WAUCHULA, Fla. -- With less than two hours until showtime, a man sits amid the backstage chaos and studies his image in a propped-up mirror. The eyes are grayish blue, the goatee trim, the long dark hair flecked with gray. Not there yet. He scoops another dab of makeup to continue the annual transformation of Mike Graham, now 58, into Jesus Christ, forever 33.
An assistant hustles over with a sky-blue robe that an anxious Mr. Graham wriggles over his bare torso and summer shorts. “Too little on me,” he says apologetically, working his way out of it. Someone else asks him to assess a young girl’s angel costume. “I’d like her to be glittered,” he says, before asking whether the child has been warned how to behave around the camels.
Then the man who plays Jesus for a living turns back to his imperfect reflection.
For more than two decades, Mr. Graham, a preacher, has directed and assumed the lead role in a gritty Passion play, “The Story of Jesus,” that unfolds 10 nights a year in the modest Cattleman’s Arena, in rural Hardee County. Across its dirt-floor stage come chariots and sword fights, miracles and betrayals, exotic animals and a cast of hundreds.
Later, readers learn about the play's "long-suffering donkey." There's a "man in a 'Sprayin' & Prayin' T-shirt" turning white cast members "a color called Sebring brown, a shade that Mr. Graham thinks approaches a Middle Eastern skin tone." There are warnings against cellphones, gum and hanging out with the Sanhedrin.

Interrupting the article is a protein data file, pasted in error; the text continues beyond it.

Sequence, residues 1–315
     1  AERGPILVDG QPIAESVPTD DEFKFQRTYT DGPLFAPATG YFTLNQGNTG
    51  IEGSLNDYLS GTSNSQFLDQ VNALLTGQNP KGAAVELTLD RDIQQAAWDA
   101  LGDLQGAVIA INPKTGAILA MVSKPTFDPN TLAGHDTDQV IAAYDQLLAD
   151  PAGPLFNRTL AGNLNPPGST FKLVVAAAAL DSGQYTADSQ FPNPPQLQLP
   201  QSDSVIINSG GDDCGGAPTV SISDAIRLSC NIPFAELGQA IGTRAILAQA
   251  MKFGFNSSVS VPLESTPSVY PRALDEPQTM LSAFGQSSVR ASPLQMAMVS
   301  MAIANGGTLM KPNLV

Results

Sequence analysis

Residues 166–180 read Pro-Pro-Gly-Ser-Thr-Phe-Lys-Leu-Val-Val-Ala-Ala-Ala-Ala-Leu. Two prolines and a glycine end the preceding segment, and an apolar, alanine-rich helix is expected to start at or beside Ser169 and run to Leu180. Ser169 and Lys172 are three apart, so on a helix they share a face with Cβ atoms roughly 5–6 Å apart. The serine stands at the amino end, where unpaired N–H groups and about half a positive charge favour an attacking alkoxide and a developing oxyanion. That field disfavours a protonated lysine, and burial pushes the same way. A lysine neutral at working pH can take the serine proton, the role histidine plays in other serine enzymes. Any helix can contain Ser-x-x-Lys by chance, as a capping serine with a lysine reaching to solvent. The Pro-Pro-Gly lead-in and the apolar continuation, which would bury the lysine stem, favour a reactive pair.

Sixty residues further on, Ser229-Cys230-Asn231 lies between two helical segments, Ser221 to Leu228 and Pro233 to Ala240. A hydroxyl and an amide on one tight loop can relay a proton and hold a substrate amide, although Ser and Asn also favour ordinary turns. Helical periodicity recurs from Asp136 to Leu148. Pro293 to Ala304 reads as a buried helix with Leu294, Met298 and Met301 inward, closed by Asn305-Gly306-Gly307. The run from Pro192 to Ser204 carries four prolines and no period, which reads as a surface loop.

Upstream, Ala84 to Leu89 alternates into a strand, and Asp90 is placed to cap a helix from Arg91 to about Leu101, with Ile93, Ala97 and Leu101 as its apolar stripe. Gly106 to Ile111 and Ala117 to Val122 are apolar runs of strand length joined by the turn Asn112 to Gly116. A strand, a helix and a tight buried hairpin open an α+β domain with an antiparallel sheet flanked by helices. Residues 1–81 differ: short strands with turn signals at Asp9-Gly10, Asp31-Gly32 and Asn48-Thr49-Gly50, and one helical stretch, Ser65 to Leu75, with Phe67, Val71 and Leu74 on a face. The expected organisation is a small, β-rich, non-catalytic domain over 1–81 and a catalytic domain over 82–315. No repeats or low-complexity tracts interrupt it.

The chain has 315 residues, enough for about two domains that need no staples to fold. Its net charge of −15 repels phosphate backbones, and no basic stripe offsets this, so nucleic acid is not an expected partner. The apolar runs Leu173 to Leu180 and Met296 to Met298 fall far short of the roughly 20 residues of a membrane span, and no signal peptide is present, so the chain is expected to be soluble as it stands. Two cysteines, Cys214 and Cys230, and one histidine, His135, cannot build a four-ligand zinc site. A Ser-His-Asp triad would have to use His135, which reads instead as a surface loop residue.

In other words, the piece is filled with -- at least to me -- amusing images and anecdotes. And as someone who wrote a 1,500-word feature for The Associated Press several years ago on megachurches' gigantic Christmas pageants, I can appreciate that.
But for all its excellent details on costumes, characters and camels, the Times article provides only shallow information concerning the faith behind the production -- the "gritty" story, as the paper puts it. After the giggles, there's not much to bite into here. This is not a meaty exploration of what inspires one man to devote so much of his time and energy to playing Jesus.
Graham is identified as a "preacher" and a former "guitar-wielding youth pastor," but more specific information on his background and beliefs is lacking, except for a single paragraph that hints at the religion ghost:
Mr. Graham’s words seem rooted more in worry than vanity. Because he deeply believes that this play is how God wants him to spread the Word, his mind races with all the things that could distract from that message, and have: camels arriving a week late, a teenager texting on stage, a stray chicken flying out of Lazarus’s tomb. How about the time a couple of camera-carrying tourists wandered into the John the Baptist crowd scene?
The piece was written by a Times writer whose gig is taking readers "beneath news stories and into obscure and well-known corners of the United States." That means the writer provides snapshots all over the nation. Still, I wish he had used -- if just for a few paragraphs -- a wider lens in this piece to put this Florida play into the context of Passion plays nationally. Are they on the rise? Are they a dying breed?
Anyway, please read the story yourself and let me know what you think. My mushy brain could be clouding my perspective.
Image: Screenshot of YouTube video associated with the story critiqued.